Spanier Pleads His Case With Penn State Board

, The Legal Intelligencer


Former Penn State President Graham Spanier wrote a letter to the university's board of trustees Sunday to say the findings of Louis B. Freeh's investigation into the university's handling of allegations against Jerry Sandusky was fraught with factual errors.

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What's being said

  • Peter S. Chamberlain

    “No one in the audience [at the Pennsylvania Capitol Press Club luncheon which featured [Penn State President Graham Spanier] as the keynote speaker] knew of the turmoil that was about to hit just weeks later with the release of the grand jury report on the Sandusky child sexual abuse allegations and indictments. If they did, they weren’t saying. But as I sat in that Harrisburg Hilton ballroom as Spanier spoke, I was thinking about his troubling response to a pointed question from a Democratic lawmaker more than 10 years ago in a House budget hearing. Said Spanier: “I’m not understanding what you mean by wrong.” The entire report of that public meeting and statement by Spanier, whose doctoral dissertation was on wife-swapping, the subject of the question from a Democratic lawmaker that prompted that reply from Spanier, suggesting one more compelling reason why he knew or should have known to investigate more deeply and to make reports Freeh correctly notes were required by state and federal law, can be found at: Last Visited 7-24-12 One can only wish that Louis Freeh had been provided, had indicated that he had received, and had dealt with, this information, relevant and material to the conduct of Spanier and the culture at the university which Freeh says was largely responsible for the violations of state and federal reporting laws, in his 267 page report, available on line. As a retired attorney who had, very unexpectedly, found myself deeply involved, professionally and in other privileged and confidential relationships, with child and adult survivors of mostly incestuous sexual child abuse, many of whom, mental health law being another of my areas of experience and expertise, I was appointed to represent following suicide attempts and other things linked to this traumatic history, which had led me to take courses in this dark subject from recognized experts, I am all too personally well aware of the pressures not to report and the difficulties of getting action when you do, [and see “Attorney as Mandatory Reporter” in the Texas Bar Journal available on line, but, reading the Freeh report and some of its cited sources, etc., I don’t think the lawyers are anywhere close to blameless and wonder whether, or why, the Pennsylvania State Bar has not opened an investigation, except that, in my experience, those with the right political connections and influence are rarely investigated or disciplined for their misconduct. This whole thing, including the attorneys’ role and responsibility in it, plays out like some Biblical or Greek tragedy. If Paterno, Spanier, the University’s lawyers, etc., had followed the intent of the applicable state and federal laws, legal ethics, and common decency, these crimes would have been stopped quickly--I’ve lived in State College and had lots of contact with Penn State over years after that, and one call from Joe Paterno or Spanier, or the others, about a cat up a tree would have drawn a full and immediate response. Their and the lawyers putting the violation of those laws and the cover-up in Emails and leaving them available is just the icing on that bitter cake. Knowing and being able to act upon the difference between right and wrong is the core of the usual definition of sanity and legal insanity. I have lost the citation to the article about the survey, not of defendants but of prospective jurors, in which roughly half of them, like Spanier, said there was no such thing as objective right and wrong. Having tried cases up through non-capital murder and a lot with mental and culpable mental state issues, I have a king-size picture of either side trying to pick a jury for a sanity hearing, from a venire on which half the prospective jurors don’t believe there is any such thing as objective right and wrong.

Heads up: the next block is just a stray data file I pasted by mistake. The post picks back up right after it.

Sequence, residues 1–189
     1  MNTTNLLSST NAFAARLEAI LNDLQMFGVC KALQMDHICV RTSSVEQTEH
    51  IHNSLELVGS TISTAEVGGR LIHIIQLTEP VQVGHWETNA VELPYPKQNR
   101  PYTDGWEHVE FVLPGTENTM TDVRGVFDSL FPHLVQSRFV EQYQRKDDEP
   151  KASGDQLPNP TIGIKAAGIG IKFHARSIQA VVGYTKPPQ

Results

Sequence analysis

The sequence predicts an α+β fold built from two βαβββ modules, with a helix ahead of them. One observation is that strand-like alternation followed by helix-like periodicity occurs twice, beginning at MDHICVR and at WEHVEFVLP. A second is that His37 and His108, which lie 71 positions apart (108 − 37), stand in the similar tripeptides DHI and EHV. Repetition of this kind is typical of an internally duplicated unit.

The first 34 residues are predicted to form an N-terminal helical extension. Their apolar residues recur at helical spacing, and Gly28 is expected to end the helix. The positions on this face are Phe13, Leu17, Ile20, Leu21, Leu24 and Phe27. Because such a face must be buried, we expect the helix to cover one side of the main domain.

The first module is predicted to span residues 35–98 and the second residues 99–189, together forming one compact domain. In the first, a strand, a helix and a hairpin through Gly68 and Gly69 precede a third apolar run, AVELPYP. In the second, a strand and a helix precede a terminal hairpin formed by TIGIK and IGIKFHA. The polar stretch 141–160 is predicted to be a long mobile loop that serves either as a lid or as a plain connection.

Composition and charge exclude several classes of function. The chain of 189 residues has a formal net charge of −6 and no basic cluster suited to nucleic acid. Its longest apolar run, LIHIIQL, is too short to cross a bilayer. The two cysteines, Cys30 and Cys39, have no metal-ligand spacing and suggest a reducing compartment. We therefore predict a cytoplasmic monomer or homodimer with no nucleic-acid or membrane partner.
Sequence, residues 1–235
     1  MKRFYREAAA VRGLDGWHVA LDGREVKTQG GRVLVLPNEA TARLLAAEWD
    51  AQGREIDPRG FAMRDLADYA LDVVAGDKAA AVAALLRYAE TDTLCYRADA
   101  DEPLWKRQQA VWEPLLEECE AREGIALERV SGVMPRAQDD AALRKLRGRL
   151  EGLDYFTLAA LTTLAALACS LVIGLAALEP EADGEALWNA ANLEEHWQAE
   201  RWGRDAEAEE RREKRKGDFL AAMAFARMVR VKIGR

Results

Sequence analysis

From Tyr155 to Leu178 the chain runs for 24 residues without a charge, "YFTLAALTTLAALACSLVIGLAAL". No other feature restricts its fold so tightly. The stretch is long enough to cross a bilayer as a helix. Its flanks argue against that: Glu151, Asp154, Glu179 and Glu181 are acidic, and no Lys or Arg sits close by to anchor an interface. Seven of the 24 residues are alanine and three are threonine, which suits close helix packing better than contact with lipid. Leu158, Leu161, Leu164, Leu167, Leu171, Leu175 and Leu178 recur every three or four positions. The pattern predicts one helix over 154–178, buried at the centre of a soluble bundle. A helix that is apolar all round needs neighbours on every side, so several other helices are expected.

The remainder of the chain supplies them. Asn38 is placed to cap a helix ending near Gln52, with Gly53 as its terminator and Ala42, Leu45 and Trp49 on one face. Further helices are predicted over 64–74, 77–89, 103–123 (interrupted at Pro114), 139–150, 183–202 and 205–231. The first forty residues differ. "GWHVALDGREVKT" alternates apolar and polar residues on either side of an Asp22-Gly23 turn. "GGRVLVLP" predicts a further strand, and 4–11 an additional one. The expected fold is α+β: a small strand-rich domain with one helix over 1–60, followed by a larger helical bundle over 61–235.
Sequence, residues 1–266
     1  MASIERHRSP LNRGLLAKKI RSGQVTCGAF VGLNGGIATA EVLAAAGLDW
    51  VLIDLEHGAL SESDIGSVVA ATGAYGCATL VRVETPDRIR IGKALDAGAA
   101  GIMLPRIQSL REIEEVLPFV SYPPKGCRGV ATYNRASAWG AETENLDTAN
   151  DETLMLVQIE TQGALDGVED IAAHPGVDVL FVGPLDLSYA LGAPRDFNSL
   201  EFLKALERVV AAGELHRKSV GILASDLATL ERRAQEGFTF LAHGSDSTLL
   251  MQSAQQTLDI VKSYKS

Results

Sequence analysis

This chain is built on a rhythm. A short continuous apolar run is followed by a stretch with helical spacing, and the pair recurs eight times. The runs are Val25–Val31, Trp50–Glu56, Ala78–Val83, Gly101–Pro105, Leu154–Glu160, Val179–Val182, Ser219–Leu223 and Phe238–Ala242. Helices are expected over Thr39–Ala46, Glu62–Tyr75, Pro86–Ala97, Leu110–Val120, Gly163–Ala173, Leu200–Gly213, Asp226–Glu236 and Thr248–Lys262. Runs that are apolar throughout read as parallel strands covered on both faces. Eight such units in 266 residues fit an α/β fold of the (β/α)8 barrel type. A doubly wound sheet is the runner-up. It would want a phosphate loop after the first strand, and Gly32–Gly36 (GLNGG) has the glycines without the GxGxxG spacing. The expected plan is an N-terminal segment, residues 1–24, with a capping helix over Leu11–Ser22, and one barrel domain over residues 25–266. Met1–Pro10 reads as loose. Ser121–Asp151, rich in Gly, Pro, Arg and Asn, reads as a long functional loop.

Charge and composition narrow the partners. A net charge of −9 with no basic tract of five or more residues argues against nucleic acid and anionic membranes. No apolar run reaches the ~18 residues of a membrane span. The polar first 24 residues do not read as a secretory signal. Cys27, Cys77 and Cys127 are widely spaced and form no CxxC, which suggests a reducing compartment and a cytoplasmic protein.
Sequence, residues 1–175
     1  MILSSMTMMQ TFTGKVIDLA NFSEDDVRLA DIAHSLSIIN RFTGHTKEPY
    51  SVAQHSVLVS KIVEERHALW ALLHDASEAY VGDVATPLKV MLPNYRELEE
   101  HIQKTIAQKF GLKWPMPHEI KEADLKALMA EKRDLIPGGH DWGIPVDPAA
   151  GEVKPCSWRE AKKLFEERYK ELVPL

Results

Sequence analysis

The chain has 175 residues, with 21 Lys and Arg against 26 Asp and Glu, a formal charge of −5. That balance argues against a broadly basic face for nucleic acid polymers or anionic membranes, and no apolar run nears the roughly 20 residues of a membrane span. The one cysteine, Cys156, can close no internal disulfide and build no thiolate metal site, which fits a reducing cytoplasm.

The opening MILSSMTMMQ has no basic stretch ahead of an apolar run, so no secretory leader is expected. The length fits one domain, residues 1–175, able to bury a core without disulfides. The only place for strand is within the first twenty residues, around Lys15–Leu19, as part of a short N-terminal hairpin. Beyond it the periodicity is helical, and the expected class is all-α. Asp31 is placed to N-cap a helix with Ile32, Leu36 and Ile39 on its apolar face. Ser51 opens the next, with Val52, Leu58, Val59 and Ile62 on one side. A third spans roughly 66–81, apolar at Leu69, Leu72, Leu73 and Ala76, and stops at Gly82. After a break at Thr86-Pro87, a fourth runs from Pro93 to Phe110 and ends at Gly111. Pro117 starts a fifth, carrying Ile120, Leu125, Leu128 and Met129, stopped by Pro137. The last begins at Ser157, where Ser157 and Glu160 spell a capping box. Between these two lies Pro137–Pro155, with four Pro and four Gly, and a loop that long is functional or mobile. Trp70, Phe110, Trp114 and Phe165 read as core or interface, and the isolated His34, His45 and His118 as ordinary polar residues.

• Robert A

    Leave it alone, every attempt to minimize your role makes you appear uglier Simply put when the question of child abuse should always be handled by police officer trained in such practice. Why a president of such a strong institution would require absolute proof on a criminal referral defies logic and reason

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